Don Mosier | Del Mar City Councilmember
A number of elected officials representing coastal cities from Los Angeles to Del Mar met with newly appointed Nuclear Regulatory Commission (NRC) Chair Allison M. Macfarlane on Monday, Jan. 14th to discuss their concerns about the restart of San Onofre Nuclear Generating Station (SONGS) Unit 2. I attended the meeting representing Del Mar. Other attendees were Mayor Teresa Barth from Encinitas, Councilmember Toni Iseman from Laguna Beach, Andy Schrader from Councilmember Paul Koretz’s office in Los Angeles, Mayor Rhonda Reardon from Mission Viejo, Mayor Miguel Pulido from Santa Ana, and Councilmember Peter Zahn from Solana Beach. Each of the cities represented (except for Los Angeles) have submitted letters or resolutions to the NRC expressing concern about the plans to restart SONGS.
Specific issues raised during the meeting were:
• Earthquake safety and new predictions of increased earthquake intensity
• Inadequacy of evacuation plans for neighboring communities
• Failure to heed the lessons of the Fukushima disaster
• Lack of trust in Southern California Edison (SCE)
• Need for a clear and transparent process by the NRC for considering the SCE petition to restart SONGS unit 2
• The enormous regional impact any disaster at SONGS would have
• Lack of general aviation and marine surveillance to protect against terrorism targeted at SONGS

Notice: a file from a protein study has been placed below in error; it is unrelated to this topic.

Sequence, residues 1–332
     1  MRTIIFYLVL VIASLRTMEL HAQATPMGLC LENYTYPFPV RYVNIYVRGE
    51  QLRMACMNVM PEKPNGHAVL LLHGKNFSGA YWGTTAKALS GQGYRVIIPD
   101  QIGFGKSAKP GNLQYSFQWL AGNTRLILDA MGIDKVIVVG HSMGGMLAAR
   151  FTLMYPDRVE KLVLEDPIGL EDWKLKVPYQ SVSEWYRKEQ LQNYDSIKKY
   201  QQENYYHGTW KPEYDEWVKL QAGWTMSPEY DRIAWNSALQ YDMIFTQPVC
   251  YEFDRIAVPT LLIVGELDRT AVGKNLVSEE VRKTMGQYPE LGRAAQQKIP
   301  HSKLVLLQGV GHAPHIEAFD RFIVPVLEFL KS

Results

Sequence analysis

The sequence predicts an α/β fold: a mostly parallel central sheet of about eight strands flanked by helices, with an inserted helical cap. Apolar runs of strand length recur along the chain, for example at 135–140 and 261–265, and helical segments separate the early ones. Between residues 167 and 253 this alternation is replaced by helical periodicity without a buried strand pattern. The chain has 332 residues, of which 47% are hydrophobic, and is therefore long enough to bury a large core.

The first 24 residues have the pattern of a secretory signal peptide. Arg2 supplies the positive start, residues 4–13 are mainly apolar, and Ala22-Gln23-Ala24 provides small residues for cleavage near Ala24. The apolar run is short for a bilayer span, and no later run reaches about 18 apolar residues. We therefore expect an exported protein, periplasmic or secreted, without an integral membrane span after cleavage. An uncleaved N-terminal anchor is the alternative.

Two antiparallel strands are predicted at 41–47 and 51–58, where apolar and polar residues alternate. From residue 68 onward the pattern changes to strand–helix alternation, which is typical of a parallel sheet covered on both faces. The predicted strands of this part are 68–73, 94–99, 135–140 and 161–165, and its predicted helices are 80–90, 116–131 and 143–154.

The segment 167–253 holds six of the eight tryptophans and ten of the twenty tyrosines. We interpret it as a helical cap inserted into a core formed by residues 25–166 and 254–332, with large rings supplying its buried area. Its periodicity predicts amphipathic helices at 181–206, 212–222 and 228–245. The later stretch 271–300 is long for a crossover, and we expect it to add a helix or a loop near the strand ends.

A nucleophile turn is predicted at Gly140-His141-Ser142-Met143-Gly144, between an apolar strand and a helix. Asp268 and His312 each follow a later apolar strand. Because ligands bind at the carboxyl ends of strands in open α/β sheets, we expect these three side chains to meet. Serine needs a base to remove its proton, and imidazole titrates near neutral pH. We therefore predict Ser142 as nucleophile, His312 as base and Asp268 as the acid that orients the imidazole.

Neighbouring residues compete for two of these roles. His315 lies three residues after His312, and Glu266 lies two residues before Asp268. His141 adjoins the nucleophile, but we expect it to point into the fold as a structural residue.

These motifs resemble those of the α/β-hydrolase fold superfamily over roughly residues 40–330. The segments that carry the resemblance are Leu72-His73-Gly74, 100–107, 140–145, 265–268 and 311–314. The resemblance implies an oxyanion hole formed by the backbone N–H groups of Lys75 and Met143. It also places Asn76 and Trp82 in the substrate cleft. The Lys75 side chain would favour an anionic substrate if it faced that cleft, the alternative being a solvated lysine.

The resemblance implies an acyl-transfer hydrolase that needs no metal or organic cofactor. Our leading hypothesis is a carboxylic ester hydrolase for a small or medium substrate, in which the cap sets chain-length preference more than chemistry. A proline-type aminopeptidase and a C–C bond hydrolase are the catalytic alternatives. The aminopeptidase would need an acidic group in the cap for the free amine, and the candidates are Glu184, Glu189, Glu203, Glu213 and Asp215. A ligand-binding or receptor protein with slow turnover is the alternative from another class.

• SCE/SDG&E’s near-term economic losses at SONGS should not be considered nor outweigh public safety considerations
The consensus was that we were all dependent upon the NRC to fulfill their primary role to protect public safety, and that the public needed to trust their process to accept any risk associated with a restart. A full, licensing amendment hearing would provide the best opportunity for public testimony from experts with differing opinions about the restart, and would allow the public to understand any final decision rendered by the NRC.
The technical review of the problems with SONGS steam generators and the proposed restart of unit 2 continues. One obstacle to the restart identified by the NRC is that the current license requires the plant to be able to operate at 100% power, so the proposal to start unit 2 at 70% power for a 5-month test period would appear to violate the license agreement.
In addition, the California Public Utilities Commission is investigating the appropriateness of the rate charges during the closure of SONGS since January of 2012. There is currently an important argument about whether or not the details of the steam generator failure are proprietary information that should be withheld from the public. At best, this can be viewed as an attempt by SCE to avoid further public embarrassment about the flawed design of the steam generators, since it is unlikely that anyone would want to replicate that design.